The former general counsel of the U.S. Department of Veterans Affairs, retired Col. Will Gunn, posed two questions to students, academics and others at the Golden Gate University School of Law‘s Second Annual Veterans Law Conference: “Is there anything interesting and meaningful left to do in veteran’s law and policy? Haven’t we solved these issues?”
To many of the veterans in the audience, as well as students who counsel them through Golden Gate’s Veteran’s Legal Advocacy Clinic, the answer to the second question is clearly no. And yes, answering the first question, there is much meaningful work to be done to help the nation’s 19.6 million veterans, many of whom suffer emotional or physical trauma, have experienced joblessness or homelessness and struggle to rejoin civilian communities.
The ongoing plight of veterans motivated Golden Gate Law Dean Rachel Van Cleave to start the Veteran’s Legal Advocacy Clinic to assist the thousands of veterans in the San Francisco Bay area. With many problems, veterans benefit from the assistance of lawyers and law students, who are able to help them complete forms to obtain benefits and ensure proper discharge status, for example.
Golden Gate is at the forefront of legal education providers aiming to strengthen the legal fabric supporting veterans, alongside a rapidly expanding veterans court movement and legal clinics now active in more than 60 VA facilities.
The compact of the nation’s support for its veterans was laid in 1865, as the Civil War neared its end. In his second inaugural address President Abraham Lincoln committed the nation “to care for him who shall have borne the battle and for his widow, and his orphan.” There have been times of turbulence in the nation’s support of its veterans, with Vietnam vets returning to Travis Air Force Base in Northern California being spat upon and enduring taunts rooted in and responding to the policies of the United States. “Part of the reality is that this country has not treated its vets well,” Gunn said.
Today, he said, “We’re in a good era of feelings and benevolence. But my concern, as senses change, is will we continue to enjoy a period of good will? As resources become more strained and we remove troops from combat, will this continue?”
The benefits veterans receive are a basic quid pro quo for their service. Yet in 1781, many members of the Continental Army were demobilized without receiving pay. President Andrew Jackson enlisted black slaves to fight the British in New Orleans, promising them freedom. “And when the war was officially over, those promises of freedom had no meaning and weren’t recognized,” Gunn said.
A catalyst for the GI Bill of Rights was the meager $60 bonus veterans received for service in World War I to compensate for their foregone opportunities in the civilian world. In 1924, Congress passed legislation providing veterans with $500 to $625 – a dollar a day for time spent as expeditionary forces – though the certificates weren’t due to be paid until 1945.
When the Depression began, unemployed veterans, initially from Oregon, converged on Washington, D.C., during the Hoover Administration and set up camp near the 11th Street Bridge by the Anacostia River. “They put in roads, sanitation facilities and received donations,” Gunn said. “Their goal was to put pressure on the government to demand immediate payment of the bonuses.”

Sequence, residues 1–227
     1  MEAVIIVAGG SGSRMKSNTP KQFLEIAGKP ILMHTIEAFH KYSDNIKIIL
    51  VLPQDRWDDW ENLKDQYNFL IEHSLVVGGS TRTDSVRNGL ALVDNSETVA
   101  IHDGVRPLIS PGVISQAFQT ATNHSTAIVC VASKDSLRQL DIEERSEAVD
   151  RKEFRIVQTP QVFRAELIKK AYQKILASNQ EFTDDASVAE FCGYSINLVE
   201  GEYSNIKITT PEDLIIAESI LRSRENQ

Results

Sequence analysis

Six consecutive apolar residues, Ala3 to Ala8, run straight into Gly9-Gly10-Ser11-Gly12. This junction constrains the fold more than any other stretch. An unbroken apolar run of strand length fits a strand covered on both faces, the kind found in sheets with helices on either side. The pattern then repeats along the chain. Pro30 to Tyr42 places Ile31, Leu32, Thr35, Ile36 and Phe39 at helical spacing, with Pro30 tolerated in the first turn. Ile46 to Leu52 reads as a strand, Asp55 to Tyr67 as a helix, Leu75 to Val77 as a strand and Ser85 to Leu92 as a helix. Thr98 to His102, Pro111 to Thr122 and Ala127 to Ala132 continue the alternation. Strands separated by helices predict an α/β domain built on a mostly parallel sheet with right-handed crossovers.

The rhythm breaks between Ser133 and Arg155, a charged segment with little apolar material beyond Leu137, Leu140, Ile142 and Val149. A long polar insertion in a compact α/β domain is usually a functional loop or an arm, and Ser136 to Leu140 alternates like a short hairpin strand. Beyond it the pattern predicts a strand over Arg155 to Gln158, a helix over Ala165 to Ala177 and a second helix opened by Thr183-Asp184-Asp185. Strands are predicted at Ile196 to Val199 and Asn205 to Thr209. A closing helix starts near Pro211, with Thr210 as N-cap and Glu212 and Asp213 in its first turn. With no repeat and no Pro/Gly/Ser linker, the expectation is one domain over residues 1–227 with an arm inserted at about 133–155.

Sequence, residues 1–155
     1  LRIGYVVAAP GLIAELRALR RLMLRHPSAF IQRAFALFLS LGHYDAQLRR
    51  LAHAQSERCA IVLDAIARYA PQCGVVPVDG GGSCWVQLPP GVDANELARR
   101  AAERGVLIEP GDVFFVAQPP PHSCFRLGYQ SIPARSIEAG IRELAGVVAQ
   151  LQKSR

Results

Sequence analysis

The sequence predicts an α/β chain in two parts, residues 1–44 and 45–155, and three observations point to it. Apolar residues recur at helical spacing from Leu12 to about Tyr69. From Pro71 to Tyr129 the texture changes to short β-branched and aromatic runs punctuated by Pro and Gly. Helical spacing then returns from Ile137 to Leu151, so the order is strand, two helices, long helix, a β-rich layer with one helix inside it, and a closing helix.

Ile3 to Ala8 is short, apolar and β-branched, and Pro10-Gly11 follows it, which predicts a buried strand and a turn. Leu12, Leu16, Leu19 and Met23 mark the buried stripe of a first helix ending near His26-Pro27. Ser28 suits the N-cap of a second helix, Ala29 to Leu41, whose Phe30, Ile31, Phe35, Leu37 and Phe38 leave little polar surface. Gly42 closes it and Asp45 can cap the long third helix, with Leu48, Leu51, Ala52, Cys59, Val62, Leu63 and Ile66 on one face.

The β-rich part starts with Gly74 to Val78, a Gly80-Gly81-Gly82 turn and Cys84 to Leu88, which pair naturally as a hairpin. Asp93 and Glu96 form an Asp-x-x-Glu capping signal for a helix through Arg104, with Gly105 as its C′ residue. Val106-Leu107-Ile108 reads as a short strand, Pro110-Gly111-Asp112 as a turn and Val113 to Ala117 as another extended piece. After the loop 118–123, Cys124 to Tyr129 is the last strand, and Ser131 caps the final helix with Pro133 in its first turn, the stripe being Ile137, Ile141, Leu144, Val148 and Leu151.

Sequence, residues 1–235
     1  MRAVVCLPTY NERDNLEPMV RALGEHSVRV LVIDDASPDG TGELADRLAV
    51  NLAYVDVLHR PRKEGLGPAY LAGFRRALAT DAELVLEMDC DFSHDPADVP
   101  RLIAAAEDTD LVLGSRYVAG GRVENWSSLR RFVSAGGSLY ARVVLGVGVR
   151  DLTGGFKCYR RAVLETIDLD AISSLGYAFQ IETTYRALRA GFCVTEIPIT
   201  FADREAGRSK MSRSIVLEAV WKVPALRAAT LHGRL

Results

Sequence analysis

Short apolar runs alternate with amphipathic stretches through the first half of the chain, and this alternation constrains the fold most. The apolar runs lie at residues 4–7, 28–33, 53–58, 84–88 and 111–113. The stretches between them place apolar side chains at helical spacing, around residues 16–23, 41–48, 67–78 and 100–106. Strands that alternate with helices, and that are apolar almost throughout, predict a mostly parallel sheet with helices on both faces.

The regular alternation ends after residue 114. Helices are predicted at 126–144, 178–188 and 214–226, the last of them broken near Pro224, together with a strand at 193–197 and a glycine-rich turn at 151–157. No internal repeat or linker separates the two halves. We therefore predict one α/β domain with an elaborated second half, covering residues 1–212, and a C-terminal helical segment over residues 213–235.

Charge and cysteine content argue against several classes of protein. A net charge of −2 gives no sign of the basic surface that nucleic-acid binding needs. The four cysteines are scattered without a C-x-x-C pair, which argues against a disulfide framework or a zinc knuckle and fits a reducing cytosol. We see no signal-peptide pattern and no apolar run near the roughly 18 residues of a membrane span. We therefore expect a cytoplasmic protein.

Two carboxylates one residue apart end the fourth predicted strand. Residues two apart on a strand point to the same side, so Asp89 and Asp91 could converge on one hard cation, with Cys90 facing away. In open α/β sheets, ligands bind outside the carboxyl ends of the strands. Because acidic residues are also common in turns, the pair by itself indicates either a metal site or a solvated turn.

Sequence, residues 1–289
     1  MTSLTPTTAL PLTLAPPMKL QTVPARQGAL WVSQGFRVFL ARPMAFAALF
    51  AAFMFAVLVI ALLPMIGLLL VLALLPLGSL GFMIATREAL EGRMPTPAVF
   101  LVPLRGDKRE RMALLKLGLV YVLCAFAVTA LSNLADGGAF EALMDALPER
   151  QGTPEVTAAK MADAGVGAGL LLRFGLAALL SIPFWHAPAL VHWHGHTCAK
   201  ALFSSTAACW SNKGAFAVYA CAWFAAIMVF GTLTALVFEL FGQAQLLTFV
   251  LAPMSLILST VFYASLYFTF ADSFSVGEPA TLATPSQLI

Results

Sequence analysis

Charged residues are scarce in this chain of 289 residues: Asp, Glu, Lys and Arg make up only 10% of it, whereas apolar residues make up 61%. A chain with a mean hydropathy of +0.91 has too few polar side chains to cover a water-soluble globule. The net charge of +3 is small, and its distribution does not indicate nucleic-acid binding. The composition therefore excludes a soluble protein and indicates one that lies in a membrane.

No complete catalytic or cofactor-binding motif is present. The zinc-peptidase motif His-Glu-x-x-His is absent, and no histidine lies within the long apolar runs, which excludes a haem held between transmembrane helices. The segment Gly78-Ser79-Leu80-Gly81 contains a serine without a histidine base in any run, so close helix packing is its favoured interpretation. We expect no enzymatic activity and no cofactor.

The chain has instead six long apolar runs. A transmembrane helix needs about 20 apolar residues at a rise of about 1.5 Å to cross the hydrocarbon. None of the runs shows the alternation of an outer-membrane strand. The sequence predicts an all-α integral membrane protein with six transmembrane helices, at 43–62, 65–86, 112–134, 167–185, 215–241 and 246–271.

Eventually, after a failed attempt by the Attorney General to remove the veterans from government property, President Herbert Hoover ordered the Army to clear the camp. It did just that, pushing more than 19,000 vets, their wives and children from the area, and burning their campground shelters and belongings.
A decade later, the U.S. faced the return of millions of troops from World War II, and the Labor Department predicted that the vets’ reentry would result in the unemployment of 15 million people. “A nation just emerging from the Depression would be right back in the midst,” Gunn recounted.
Harry W. Colmery, a former national commander of the American Legion, is credited with drawing up the first draft of what became the Servicemen’s Readjustment Act of 1944, known informally as the G.I. Bill. Benefits to veterans included the provision of low-interest loans to start a business, tuition assistance, home-loan guarantees and unemployment compensation for up to one year.
A NATION TRANSFORMED
“This act is one a lot of people believe fundamentally changed this country,” Gunn said. “It changed who went to college in this country.”
Indeed, by the time the original legislation ended in 1956, some 7.8 million of the nation’s 16 million World War II veterans had used its tuition assistance to pay for their education or training, according to the U.S. Department of Veterans Affairs. From 1944 to 1952, the G.I. Bill’s provisions also financed nearly 2.4 million home loans, the department said.
“The act was a tremendous success by any standard,” said Gunn. But though the Act on its face talked about being an equal opportunity program, open to all active-duty individuals, the reality was different when its regulations were promulgated and decisions or interpretations made at progressively lower levels. “And when you look at the history of women and minorities who served, there were significant problems,” Gunn said.